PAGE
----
The three UST professors said young Filipinos aspiring for careers in architecture and urban planning should be taught how to create environmentally responsive designs, as well as design principles on how to lessen the effects of disasters.
“Nature is not the problem, it is man,” said Noche. “As long as we do not respect the environment, climate, landscape, ecology, topography, hydrography and geography, these will eventually catch up with man’s abusive nature and ways.”
Mercado said students should be encouraged and trained to make designs with disaster mitigation and climate change as primary design considerations.
“Architecture goes beyond nice facades and aesthetics,” he said. “Safety aspects are paramount to every design.”
Mercado added that architecture should synergize with other disciplines such as landscape architecture, natural science, planning and environmental management—all geared toward sustainable development and climate change adaptation.
Sta. Maria said that when designing buildings students should consider how they would affect the surroundings.
“Students should be molded to design buildings and evaluate what their effects will be on the community,” he said. “They must learn to look at the bigger picture.”
Mercado said the government should have the political will to enforce zoning regulations and to bring down all the wrong infrastructure created in the past years that merely compounded disasters, such as flyovers.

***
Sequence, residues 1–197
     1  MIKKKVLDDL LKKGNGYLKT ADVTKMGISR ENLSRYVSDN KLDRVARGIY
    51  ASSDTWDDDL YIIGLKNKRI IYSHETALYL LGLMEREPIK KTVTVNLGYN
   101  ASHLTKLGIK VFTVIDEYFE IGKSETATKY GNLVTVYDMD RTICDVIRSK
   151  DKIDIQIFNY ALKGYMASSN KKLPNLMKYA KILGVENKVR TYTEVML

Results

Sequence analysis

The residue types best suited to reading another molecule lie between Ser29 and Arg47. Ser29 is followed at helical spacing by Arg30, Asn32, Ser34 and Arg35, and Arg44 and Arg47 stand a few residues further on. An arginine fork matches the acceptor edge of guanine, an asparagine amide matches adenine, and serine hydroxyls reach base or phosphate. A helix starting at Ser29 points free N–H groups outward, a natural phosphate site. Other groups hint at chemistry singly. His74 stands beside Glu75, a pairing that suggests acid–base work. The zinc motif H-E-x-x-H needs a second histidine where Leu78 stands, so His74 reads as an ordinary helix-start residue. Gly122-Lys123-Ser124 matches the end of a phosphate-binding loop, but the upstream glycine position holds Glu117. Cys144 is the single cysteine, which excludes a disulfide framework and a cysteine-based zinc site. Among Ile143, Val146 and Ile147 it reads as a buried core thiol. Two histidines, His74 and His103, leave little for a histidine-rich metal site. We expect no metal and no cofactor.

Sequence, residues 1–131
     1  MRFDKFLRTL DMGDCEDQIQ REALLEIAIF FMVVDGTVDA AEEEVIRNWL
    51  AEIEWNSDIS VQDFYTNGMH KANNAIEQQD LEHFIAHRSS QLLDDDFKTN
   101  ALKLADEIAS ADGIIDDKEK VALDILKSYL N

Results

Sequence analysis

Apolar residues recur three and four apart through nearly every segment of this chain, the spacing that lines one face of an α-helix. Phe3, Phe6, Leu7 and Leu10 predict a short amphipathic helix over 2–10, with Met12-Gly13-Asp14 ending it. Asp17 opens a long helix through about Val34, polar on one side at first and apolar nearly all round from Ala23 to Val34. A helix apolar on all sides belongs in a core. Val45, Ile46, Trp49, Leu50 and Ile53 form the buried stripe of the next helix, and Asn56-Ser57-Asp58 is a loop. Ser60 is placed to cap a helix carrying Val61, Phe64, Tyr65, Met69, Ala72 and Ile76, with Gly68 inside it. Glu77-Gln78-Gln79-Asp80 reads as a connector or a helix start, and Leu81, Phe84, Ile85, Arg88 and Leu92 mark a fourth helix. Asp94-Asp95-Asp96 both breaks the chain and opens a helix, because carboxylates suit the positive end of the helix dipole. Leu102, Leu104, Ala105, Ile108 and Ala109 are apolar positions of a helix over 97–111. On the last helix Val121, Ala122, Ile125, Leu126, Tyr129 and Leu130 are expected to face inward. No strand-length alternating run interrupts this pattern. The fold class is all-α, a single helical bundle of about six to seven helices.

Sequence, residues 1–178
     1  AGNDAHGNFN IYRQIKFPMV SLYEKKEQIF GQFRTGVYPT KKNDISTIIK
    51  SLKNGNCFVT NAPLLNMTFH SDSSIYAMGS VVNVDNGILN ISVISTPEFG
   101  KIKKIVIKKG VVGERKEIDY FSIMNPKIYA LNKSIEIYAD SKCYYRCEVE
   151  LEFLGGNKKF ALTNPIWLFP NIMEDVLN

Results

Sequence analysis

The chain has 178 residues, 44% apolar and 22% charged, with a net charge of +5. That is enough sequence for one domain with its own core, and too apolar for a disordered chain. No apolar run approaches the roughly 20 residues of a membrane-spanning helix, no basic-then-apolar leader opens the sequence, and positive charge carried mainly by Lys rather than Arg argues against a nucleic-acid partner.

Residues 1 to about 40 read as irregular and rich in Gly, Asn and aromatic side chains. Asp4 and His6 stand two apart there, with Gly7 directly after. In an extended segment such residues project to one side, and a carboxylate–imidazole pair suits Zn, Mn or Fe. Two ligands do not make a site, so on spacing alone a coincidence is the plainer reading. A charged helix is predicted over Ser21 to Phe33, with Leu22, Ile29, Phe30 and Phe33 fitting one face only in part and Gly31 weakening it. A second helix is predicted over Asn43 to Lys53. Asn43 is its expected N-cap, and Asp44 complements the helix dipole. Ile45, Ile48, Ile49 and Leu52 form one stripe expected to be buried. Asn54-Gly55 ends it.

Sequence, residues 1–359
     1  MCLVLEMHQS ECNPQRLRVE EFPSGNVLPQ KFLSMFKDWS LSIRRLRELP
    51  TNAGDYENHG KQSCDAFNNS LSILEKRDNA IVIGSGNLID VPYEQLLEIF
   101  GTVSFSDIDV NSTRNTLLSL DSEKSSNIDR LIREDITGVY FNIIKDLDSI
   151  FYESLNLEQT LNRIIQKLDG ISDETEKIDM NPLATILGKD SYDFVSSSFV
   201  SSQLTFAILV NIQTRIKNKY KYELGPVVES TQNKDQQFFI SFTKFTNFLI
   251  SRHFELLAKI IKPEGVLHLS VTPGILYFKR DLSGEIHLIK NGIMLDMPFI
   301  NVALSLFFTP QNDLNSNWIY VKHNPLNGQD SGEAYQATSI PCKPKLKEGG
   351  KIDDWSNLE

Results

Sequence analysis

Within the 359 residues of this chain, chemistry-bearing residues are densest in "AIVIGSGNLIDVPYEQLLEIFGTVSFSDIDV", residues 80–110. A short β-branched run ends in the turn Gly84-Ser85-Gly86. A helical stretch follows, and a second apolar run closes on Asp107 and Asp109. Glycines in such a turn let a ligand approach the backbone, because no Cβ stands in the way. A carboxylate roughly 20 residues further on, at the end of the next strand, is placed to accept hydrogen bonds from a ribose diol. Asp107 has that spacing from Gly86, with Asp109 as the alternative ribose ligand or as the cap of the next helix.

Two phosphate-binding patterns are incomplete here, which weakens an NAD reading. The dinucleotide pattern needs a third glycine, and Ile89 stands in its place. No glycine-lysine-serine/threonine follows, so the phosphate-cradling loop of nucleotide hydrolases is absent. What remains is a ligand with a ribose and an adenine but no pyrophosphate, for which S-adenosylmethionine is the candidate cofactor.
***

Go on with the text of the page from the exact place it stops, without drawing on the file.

“The lessons of ‘Ondoy’ and ‘Sendong’ should permeate all the stakeholders,” said Mercado. “Investors will be wary of putting their money in the Philippines because it will only be lost to disasters.”
Legarda urged public and private collaboration in disaster management.
“All sectors must work together,” she said. “The government must seriously look into improving the flood prevention and mitigation measures in the National Capital Region.
“The private sector, on the other hand, must strengthen their business continuity plans, especially for hospitals and other lifelines, which are vital for post-disaster activities.”
She urged people to heed disaster warnings and cooperate with the government when they would be asked to evacuate.
“The best choice we have is to make our nation disaster-resilient to free us, once and for all, from the exhausting and costly cycle of rebuilding our communities every single time nature unleashes its wrath,” Legarda said.